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Daveym

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One of the things to appreciate about the original series of Doctor Who is that it had rules. Rules clearly laid down to define what Regeneration could and could not do, rules on what the Tardis could and could not do, and, over time rules to govern time-travelling.

Although the science governing time-travel was something that was only gradually developed, and was specifically the subject of 1972's Day of the Daleks, attitudes in the early years of the series tended to be governed by the fact that the Tardis was faulty and therefore never landed in the same time and place twice. So the question as to what might happen if the ship landed its crew in a time and place they were already existing in could be side-stepped... but What If....?

It's a question which might possibly be the subject of 1965s The Space Museum, a story which opens with the Tardis landing on a planet, next to a museum and the crew learning that they "..have jumped a time track" - their future selves are found as exhibits in the museum and destiny will see the watching phantom crew catch up with the 'present' and be forced to try and escape their fate.
It's a complex idea at work in this first episode, the suggestion is the Tardis has malfunctioned perhaps and delivered its crew into their near future, a future that saw them captured and turned into grotesque exhibits behind glass cases. As time catches up and the crew slip into phase the exhibits disappear and they enter the present. Can they avoid their fate?
More to the point though this is a unique example of Time-travel itself being used and studied in the series' earliest years, and forms a part of the insight into what the producer and writers attitudes to the science of it might have been at the time.

Is it possible for the same person to exist simultaneously with themselves is the question. And the answer seems to suggest that the makers of Doctor Who at this time considered the answer as "No".
If natural safety devices in both the Tardis and time itself act to keep the crew from ever sharing the same time and place it can never happen, but if something went wrong... and it DID happen, then the view at this time in the series' history is that the 'visiting' time-traveller would become a phantom, out of phase with reality, and could only be a spectator on the present and their 'future' selves. It's a concept that echoes the science seen in Superman comics of the sixties up till the mid-eighties. A sixties view on the science that would govern time-travel... and in principle the concept is a sound one. For some reason however the neatness of this concept of a safety-valve that shifts a visiting time-traveller into a phantom state that is out of phase with their environment is something that fiction phased out of its literature. Why.... is hard to say. As it IS a very neat and practical idea to rationalise the science that would have to underpin time-travel. (Coffee)






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Iron Man Unit 007

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In the Justice League Cartoon, Superman got blasted into the far future and was thought to be dead.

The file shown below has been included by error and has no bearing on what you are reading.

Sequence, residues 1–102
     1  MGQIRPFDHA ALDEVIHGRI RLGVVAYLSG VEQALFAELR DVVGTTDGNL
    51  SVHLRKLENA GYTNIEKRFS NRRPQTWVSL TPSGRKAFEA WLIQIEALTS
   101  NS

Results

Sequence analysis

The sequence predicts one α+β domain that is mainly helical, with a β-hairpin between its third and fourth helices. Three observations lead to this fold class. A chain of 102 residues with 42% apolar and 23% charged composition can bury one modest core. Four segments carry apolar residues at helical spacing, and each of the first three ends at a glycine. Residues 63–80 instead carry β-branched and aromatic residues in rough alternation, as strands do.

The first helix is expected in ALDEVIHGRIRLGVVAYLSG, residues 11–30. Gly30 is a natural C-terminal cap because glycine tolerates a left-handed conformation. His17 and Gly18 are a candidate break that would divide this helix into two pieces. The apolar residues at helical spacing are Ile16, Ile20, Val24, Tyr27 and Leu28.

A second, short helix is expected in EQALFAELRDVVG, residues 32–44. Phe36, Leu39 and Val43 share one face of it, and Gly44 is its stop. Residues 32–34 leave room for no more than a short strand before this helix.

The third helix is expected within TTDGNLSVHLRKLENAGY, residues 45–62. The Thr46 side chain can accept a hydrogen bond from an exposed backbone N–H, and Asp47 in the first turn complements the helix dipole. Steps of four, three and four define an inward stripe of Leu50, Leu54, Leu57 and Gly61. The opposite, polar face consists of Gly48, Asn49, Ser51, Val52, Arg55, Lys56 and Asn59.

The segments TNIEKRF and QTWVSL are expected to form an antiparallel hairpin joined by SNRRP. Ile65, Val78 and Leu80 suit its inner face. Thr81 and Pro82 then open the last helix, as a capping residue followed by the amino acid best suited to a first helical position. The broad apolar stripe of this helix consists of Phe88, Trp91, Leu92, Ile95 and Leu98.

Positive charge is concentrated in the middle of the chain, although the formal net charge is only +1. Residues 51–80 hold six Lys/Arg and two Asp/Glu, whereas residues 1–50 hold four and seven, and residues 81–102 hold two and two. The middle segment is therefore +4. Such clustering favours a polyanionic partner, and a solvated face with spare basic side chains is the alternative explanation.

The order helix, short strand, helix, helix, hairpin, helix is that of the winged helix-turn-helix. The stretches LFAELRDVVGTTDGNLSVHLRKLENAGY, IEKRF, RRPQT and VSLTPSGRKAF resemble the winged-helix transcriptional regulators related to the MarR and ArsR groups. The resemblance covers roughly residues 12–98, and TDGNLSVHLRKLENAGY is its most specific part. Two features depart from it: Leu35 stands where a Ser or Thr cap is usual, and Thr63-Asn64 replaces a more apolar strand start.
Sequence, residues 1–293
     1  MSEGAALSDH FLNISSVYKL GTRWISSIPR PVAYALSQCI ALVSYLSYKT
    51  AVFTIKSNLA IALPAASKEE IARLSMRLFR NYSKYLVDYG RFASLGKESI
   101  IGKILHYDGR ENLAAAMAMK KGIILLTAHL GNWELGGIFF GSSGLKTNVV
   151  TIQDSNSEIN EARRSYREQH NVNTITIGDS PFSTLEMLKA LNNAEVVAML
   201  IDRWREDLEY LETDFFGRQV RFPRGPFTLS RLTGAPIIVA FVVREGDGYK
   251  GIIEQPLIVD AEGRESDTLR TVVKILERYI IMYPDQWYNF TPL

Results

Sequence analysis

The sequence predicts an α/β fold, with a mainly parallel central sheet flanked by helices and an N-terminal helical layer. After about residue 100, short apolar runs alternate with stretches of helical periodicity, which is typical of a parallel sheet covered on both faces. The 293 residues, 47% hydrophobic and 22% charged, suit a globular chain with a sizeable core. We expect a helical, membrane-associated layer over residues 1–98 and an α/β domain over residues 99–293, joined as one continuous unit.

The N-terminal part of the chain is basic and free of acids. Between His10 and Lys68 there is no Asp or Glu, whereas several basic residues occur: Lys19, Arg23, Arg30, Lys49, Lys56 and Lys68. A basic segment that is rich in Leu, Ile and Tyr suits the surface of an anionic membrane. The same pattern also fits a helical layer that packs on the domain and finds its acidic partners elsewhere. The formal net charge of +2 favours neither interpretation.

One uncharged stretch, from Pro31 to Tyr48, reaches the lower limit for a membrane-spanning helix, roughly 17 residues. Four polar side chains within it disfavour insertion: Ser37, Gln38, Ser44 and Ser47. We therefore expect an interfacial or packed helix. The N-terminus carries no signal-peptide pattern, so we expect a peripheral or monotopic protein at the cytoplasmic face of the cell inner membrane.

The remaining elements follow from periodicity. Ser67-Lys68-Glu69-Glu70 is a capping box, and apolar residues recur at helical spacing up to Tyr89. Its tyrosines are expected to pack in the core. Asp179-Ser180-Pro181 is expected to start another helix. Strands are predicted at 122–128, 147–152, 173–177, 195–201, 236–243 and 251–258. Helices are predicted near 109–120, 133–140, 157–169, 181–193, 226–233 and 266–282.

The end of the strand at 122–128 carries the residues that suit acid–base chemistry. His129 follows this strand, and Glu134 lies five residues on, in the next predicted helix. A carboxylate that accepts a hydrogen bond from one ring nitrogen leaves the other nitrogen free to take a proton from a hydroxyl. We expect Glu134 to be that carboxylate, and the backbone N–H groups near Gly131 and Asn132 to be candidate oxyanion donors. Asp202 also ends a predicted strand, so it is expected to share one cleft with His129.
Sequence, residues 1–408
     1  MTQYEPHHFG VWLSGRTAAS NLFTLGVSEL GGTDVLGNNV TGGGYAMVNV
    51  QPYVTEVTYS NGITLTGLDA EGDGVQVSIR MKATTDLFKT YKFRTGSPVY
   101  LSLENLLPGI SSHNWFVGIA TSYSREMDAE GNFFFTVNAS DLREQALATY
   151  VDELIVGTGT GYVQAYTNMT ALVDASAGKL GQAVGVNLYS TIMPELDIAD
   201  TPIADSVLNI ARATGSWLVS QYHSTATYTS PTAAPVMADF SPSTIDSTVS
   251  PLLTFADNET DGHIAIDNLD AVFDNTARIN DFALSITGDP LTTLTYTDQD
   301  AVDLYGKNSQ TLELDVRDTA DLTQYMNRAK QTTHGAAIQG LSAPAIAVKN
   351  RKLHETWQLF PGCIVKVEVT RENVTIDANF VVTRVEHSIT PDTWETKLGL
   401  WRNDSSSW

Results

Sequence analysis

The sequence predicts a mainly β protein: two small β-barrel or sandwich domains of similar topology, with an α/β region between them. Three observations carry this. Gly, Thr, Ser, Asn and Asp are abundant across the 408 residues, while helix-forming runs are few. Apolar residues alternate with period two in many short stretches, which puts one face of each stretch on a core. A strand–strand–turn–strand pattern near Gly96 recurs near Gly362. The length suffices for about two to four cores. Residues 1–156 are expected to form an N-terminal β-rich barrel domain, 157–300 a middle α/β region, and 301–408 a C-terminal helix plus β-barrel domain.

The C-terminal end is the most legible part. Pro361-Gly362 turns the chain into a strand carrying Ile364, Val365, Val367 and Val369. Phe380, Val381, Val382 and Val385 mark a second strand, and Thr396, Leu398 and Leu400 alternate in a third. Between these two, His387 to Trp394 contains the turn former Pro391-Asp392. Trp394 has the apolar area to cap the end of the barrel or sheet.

He meets Vandal Savage and they finish his time machine but VS states he cannot travel back to an era where he already exists. But he can send Superman back home to prevent that dark future from occurring.

In the early Fantastic Four and Avengers it was shown that Doom's time machine which Reed later takes as his own can send someone back and keep them out of phase so that they can observe without interfering....except for the time when Cap travels back to see if Bucky did survive and the machine was adjusted to allow Cap to materialize and fight in the past to ensure his past self was thrown into the ice....

So at some point there was indeed a firm rule that the past cannot be altered, only fulfilled and that someone cannot/should not exist in an era that they are already in.


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JesusFan


Member Since: Sat May 17, 2008
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So there can be no Dr who happens to be say david tennett meet a past or future version of him?


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JesusFan


Member Since: Sat May 17, 2008
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When the DR decides to change history, does that alter the timeline or create another alternate one?


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Ancient One 

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    Quote:
    When the DR decides to change history, does that alter the timeline or create another alternate one?


You can't change your timeline.

If the Doctor (Or anyone else for that matter) does make a change to an established history, then all they're doing is creating an alternate timeline. A parallel timeline.

Which is not really that big of a deal, considering that alternate timelines are probably being created naturally every second of every day.




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Ancient One 

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    Quote:
    So there can be no Dr who happens to be say david tennett meet a past or future version of him?


A *version* of him, yes. There could be two copies of the Tennant Doctor running around and interacting in the same universe. But they wouldn't both be *from* that universe. One of them would be on a visit from an alternate universe.


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JesusFan